- Never enough is being done for X - more must be done.
- Not enough is happening as a result of Y - more must be done.
No matter what 'progress' is being made, it's still not enough. For example in the minimum pricing argument, where for instance alcohol must be priced at a minimum amount per 'unit' sold:
We fully expect the public health establishment and temperance groups to demand above inflation rises in the unit price on a regular basis once this Pandora’s Box is opened. Indeed, they are already doing so. If the policy is seen to work, there will inevitably be calls for the government to “build on its success” by increasing the unit price. But if, as we expect, the policy fails to make any impact, these same groups will insist that its failure derives from the price being too low and, therefore, should be raised. In either instance, the introduction of minimum pricing will give a powerful weapon to groups who will forever believe that the price of alcohol is too low.
That is clearly an expectation of what will happen if/when minimum pricing of alcohol happens in the UK.
Colin Shevills, Director of Balance, said: “It’s good news that fewer young North Easterners are choosing to drink. Young people and their parents deserve credit for this, especially in a society where pocket money prices, widespread availability and heavy marketing have established drinking as a social norm.
Every silver lining, however, appears to have a cloud:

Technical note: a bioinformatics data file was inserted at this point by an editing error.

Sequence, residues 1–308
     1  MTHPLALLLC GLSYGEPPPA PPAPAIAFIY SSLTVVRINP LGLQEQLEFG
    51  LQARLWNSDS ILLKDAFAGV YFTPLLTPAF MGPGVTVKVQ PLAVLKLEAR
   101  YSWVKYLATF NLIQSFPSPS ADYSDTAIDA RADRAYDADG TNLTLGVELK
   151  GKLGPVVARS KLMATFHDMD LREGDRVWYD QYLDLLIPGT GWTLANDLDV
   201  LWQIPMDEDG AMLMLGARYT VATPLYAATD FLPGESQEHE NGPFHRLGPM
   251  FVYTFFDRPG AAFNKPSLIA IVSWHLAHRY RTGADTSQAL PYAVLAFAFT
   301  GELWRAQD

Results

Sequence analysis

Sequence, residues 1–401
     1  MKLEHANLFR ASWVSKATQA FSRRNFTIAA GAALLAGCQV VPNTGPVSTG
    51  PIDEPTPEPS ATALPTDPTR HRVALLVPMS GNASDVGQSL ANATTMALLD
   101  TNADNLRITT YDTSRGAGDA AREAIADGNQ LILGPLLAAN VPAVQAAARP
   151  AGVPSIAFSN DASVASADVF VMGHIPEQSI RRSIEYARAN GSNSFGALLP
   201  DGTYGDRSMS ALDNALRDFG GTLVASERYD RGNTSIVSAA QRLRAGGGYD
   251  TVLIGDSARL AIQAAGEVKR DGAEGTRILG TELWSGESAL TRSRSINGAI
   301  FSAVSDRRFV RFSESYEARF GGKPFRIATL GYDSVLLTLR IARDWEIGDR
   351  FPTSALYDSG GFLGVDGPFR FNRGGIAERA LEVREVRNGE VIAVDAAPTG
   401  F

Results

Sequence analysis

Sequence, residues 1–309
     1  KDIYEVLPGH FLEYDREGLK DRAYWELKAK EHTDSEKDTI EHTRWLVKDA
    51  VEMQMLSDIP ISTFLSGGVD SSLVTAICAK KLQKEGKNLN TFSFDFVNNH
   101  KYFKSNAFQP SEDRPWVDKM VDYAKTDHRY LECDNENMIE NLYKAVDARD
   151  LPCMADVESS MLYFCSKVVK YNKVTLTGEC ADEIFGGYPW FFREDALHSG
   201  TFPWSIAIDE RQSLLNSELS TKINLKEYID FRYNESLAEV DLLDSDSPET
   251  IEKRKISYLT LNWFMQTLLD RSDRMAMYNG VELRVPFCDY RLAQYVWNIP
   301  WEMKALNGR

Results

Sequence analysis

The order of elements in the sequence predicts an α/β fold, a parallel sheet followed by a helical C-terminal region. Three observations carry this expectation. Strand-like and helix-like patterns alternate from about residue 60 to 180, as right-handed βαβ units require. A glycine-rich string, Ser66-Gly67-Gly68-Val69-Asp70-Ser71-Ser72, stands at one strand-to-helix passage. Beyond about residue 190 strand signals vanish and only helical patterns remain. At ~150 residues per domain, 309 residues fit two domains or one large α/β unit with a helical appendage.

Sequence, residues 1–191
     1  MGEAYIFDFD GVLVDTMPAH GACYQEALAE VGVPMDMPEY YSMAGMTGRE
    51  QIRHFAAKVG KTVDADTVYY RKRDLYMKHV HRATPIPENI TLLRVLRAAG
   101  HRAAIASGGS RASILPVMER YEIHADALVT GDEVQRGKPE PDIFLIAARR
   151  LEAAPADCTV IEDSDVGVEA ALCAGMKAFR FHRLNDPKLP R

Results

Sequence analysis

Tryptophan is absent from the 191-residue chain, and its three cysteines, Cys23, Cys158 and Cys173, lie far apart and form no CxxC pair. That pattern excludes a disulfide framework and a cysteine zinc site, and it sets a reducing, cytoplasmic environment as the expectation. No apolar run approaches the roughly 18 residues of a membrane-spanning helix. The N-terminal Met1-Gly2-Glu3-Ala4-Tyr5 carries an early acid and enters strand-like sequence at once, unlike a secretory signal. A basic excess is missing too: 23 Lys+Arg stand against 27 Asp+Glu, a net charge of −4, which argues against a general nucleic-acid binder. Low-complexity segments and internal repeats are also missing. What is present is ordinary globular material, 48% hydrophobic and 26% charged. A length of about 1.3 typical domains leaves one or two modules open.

“However, we could do better. The North East still has the highest rates of young people who have ever drunk alcohol and who drank last week.
This is bound to happen somewhere - if you arrange a list of numbers in order of magnitude, there will always be at least one number which is larger than the others, unless all those numbers are zero.
Worryingly, they are England’s heaviest young drinkers – consuming, on average, at the upper end of the Government’s recommended weekly limits for a female adult. Health experts recommend that children enjoy an alcohol free childhood until at least the age of 15.
It's well known that the government's recommendations regarding alcohol limits were plucked out of thin air, and that banning children from doing something is more likely to encourage them to try it out .
“More 11-15-year-olds in England have drunk alcohol than have smoked or taken drugs combined. Alcohol significantly increases the risk that our children will be victims of crime, will try drugs or have unprotected sex.
Ah - so there isn't a smoking problem among our children; ASH will be pleased to know that they can stop with their plain packs campaign. Then again, if more kids are drinking alcohol than trying drugs, but alcohol increases the 'risk' of them trying drugs then... Sorry - I'm losing the logic there.
“We need to do more to protect them. A key part of the solution is the introduction of a minimum unit price, which the Government has backed and will consult on later this year. It’s a targeted measure which will increase the price of the cheapest, strongest alcohol – traditionally purchased by younger and heavier drinkers. We also know that consumption increases as price decreases and that young people are particularly sensitive to price increases.”
Increasing the price of alcohol will not stop the amount children drink, since it's illegal for children to buy the stuff in the first place. Cheap alcohol isn't strong alcohol. Strong alcohol isn't cheap. The 'cheap alcohol' myth is taken from some 2% larger that Tesco's were selling at about, or less, than the price of the most expensive (per ml) bottled water they were selling at the time.